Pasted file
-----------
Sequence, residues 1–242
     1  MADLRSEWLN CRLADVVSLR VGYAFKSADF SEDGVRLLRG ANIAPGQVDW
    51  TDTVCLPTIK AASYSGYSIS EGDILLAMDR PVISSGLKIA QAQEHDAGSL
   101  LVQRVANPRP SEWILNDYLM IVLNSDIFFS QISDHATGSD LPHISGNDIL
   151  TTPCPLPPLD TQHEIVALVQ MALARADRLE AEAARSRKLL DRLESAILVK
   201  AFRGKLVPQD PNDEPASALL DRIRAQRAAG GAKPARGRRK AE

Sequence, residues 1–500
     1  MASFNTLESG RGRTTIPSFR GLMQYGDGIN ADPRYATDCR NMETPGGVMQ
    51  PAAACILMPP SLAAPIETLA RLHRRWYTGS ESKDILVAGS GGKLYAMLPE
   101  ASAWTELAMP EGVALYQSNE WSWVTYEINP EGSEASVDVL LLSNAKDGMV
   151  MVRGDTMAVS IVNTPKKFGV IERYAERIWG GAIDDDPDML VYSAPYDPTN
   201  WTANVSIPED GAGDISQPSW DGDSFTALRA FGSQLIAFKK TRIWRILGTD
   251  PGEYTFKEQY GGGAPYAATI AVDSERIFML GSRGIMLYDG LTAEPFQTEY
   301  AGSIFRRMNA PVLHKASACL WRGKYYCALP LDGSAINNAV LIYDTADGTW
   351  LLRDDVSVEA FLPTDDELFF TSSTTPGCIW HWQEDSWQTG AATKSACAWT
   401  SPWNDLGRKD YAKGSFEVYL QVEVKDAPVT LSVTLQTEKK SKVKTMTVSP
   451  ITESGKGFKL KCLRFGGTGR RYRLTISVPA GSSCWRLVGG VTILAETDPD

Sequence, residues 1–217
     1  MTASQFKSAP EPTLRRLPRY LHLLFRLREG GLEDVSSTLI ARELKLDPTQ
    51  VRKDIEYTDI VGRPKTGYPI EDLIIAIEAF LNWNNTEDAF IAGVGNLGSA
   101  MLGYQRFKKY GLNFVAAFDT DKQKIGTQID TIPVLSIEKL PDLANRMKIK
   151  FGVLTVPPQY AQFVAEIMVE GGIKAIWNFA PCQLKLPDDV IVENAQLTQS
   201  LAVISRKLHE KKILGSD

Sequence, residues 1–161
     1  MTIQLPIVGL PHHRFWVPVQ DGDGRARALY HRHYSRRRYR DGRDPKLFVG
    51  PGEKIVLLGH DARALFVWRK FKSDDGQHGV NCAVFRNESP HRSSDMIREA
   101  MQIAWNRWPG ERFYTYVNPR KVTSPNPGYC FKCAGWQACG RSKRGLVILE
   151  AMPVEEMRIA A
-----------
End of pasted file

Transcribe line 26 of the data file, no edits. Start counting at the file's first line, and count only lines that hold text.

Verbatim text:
    51  PGEKIVLLGH DARALFVWRK FKSDDGQHGV NCAVFRNESP HRSSDMIREA